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Egypt, Saudi Arabia & Israel link up to take on Iran

If U.S. can cozy up to Iran, can Israel, Egypt & Saudi Arabia be far behind?

clockwise from bottom: Egyptian President el-Sisi (CC Kremlin.ru via wikicommons), Saudi King Salman, Israeli Prime Minister Netanyahu

In just one week, two signs of the times in a new, emerging Middle East:

  • 1. Russia keeps its word to supply Iran with sophisticated S-300 anti-aircraft missiles, just dandy for shooting down Israeli jets that may try bombing Iranian nuclear weapons sites in the future.
  • 2. Egypt transfers two strategic islands to Saudi Arabia to solidify their cooperation after U.S. signals they are on their own. Israel signs on to the emerging pact as a silent partner.

The writing has been on the wall for Saudi Arabia and Egypt. By closing the Iranian nuclear deal with the Ayatollahs, U.S. President Barack Obama has signaled to Riyadh and Cairo that they now occupy a lower place on America's Middle East totem pole. So naturally these two leading Sunni Muslim states are closing ranks to face their bitter Shiite enemy, Iran.

No longer dependent on Saudi oil, Washington's departure has left a power vacuum that is being filled by Iran and Russia. Not that Tehran and Moscow are bosom pals - it's more like President Putin is in dire need of money, not for his Panama bank account, but to fill the Kremlin's coffers, which have depleted drastically by the plunging price of oil, a key export. And Tehran now has the cash flowing in after Obama's brainwave of lifting the sanctions in return for delaying a probable nuclear showdown, until he departs the White House in less than a year. Iran, which has been starved of advanced foreign weapons, is drawing up a big shopping list. Maybe Putin sent his Sukhoi jets to buzz those US Navy ships in order to whet the appetite of Iran's Air Force commander?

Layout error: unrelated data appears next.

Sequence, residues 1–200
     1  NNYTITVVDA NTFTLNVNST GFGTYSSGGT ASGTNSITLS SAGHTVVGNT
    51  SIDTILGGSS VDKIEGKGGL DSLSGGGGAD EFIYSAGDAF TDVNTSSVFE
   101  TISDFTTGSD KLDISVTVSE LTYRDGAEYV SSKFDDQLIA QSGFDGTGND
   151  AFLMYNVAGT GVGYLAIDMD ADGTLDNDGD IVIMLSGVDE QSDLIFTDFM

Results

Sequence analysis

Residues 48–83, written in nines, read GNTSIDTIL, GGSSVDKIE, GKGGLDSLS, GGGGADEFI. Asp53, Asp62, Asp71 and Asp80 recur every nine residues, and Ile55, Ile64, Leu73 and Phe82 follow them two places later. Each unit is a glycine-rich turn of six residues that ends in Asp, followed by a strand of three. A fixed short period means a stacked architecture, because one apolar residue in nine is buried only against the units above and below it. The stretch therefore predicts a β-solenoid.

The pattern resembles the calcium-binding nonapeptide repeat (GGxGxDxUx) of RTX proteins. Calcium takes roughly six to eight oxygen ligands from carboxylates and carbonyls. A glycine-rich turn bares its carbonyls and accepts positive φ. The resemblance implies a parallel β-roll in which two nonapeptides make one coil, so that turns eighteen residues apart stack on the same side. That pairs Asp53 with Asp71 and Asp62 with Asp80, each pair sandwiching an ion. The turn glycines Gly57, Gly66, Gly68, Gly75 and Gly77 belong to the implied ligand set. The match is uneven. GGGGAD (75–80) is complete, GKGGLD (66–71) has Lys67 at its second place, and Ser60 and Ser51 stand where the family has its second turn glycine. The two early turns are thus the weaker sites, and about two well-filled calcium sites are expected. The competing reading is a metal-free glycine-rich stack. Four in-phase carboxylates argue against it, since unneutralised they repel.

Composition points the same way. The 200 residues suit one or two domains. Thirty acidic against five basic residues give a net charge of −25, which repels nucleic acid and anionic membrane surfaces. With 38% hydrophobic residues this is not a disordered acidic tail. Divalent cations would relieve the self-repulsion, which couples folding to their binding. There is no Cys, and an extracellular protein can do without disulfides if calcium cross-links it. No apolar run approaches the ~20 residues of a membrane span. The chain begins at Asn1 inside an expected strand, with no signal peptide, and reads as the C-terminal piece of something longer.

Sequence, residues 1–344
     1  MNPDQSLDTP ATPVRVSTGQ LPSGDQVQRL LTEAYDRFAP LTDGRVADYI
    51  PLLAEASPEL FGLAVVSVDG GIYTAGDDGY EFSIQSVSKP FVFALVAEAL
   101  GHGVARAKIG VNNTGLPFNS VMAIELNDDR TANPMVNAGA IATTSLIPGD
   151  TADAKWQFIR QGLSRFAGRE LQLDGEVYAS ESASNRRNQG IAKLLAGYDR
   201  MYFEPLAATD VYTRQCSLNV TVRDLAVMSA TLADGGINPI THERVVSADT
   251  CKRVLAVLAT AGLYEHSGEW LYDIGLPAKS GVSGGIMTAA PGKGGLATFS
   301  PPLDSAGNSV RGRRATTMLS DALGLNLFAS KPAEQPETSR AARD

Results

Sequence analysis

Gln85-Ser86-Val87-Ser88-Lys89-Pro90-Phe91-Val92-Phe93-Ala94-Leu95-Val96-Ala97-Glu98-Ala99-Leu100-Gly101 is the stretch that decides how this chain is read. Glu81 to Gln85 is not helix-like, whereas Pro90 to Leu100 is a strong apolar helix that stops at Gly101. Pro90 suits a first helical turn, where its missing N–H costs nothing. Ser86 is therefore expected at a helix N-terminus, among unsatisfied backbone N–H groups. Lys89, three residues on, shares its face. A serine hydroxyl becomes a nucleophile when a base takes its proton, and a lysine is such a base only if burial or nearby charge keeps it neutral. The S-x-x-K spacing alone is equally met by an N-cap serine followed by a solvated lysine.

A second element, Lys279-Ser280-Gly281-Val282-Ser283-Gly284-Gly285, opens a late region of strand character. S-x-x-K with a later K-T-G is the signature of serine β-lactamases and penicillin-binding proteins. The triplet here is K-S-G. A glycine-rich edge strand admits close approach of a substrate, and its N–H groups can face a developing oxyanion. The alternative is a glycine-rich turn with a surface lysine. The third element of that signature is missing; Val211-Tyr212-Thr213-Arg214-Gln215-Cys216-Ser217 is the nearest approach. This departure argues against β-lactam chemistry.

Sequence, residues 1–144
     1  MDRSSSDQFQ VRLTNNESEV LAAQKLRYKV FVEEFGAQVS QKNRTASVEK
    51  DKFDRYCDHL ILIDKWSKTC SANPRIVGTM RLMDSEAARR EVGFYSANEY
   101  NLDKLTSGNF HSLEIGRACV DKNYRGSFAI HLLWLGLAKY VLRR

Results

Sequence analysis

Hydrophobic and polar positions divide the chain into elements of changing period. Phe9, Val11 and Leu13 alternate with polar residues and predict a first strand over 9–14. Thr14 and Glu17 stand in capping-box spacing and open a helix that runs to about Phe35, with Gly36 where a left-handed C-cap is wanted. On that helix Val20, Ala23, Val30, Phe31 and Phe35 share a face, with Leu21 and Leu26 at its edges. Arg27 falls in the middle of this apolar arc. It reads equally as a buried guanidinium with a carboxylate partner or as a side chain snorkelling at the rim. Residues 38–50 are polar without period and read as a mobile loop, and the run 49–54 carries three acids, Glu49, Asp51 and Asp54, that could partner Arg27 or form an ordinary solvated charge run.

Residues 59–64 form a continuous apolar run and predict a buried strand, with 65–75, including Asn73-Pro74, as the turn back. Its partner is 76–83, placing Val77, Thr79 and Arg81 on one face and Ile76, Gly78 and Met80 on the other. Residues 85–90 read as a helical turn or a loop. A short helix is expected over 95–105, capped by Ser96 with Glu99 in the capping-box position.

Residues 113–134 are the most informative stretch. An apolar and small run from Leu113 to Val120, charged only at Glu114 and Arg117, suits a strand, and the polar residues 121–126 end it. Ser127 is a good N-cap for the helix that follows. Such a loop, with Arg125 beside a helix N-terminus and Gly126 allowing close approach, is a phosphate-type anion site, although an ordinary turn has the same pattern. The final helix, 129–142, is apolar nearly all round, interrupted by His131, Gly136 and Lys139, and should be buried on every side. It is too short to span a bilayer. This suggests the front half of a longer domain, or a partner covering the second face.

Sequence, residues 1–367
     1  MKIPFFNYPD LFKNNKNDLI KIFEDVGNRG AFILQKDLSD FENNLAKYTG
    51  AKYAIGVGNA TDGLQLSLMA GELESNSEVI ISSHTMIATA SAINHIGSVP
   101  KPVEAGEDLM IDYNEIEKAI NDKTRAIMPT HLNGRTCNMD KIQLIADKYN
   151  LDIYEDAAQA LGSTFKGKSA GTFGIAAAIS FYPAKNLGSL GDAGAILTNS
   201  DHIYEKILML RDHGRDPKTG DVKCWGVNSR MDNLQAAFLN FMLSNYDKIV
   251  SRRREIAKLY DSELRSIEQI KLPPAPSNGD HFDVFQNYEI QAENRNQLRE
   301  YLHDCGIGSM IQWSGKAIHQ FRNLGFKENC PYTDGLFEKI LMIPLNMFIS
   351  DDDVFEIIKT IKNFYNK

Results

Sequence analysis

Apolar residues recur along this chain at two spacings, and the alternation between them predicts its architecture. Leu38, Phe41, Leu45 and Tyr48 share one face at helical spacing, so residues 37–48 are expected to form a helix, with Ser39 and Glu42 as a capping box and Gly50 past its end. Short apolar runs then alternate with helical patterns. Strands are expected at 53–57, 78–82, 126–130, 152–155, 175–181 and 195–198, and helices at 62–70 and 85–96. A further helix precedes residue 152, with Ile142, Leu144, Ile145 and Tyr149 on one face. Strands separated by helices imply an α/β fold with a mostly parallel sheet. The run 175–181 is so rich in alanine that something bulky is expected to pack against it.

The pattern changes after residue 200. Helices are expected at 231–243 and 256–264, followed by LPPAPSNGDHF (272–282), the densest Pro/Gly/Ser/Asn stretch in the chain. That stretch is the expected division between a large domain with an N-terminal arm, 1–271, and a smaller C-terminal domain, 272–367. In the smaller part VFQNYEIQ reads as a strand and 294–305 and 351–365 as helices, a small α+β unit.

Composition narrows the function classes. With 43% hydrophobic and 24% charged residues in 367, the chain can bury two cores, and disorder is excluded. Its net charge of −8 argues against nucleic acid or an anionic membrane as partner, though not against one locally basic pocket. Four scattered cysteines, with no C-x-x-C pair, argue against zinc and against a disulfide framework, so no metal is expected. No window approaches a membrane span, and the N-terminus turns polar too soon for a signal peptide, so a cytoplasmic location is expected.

And what about Iran? There is one school of thought that the welcoming of Tehran back into the international fold will make most Iranians finally see the light of Barack Obama. A new and dominant public opinion will favor peaceful co-existence. The throngs will no longer chant 'Death to America! Death to Israel!’ Nor will they revel in torching the Stars & Stripes and the Star of David. But for that to happen you must also believe that the regime of the ayatollahs and the Revolutionary Guards may eventually collapse due to the improving economic conditions.

Then there's the other school of thought, which thinks the exact opposite - that the tough ayatollahs will have proved you can have your nuclear weapons program and also have butter to spread on your pitta as well. Will they then unveil the ultimate goal - the resurrection of the glorious Persian Empire?

And this footnote: the deployment of the new Russian missiles in Iran has long been in the works. Obviously, the masterminds in the Israel Air Force have been busy as bees working on a solution. In the past, they proved to have a knack for neutralizing Soviet anti-aircraft missiles. The Russians are no fools, and I bet they haven't put their top secrets at risk by displaying them in Iran.

Riyadh-Cairo-Jerusalem axis…

It follows that if President Obama has enabled Shiite Iran to bounce back off the ropes with new vim and vigor to also take on the Sunni Muslim states, then Saudi Arabia and Egypt will circle their wagons in defense. This has just happened. On a visit to Cairo, Saudi King Salman and President Abdel Fattah el-Sisi signed a pivotal pact. In exchange for tens of billions of dollars in economic aid from the Saudis, el-Sisi handed back to Riyadh, the sovereignty over two strategic islands at the entrance to the Gulf of Aqaba. So this emerging alliance combines Egypt's considerable military clout with Saudi Arabia's very deep pockets. It is a force multiplier for both states.

But in this affair, it takes more than two to tango - Israel is a silent partner. In the Six-day War of 1967 - Egyptian President Gamal Abdel Nasser exploited the two islands of Tiran and Sanafir to blockade vital Israeli shipping through the Straits of Tiran to the port of Eilat. Big mistake on Nasser's part - it actually precipitated the outbreak of war and the disastrous defeat of the Arab armies that had massed on Israel's borders. In fact, the status of these two crucial islands was defined in the Israeli-Egyptian peace treaty. Therefore, Israel also had to be in on the Egyptian-Saudi deal, which it was. This is yet another sign that Jerusalem, Cairo and Riyadh have been collaborating behind the scenes in confronting not only Iran, but also Daesh.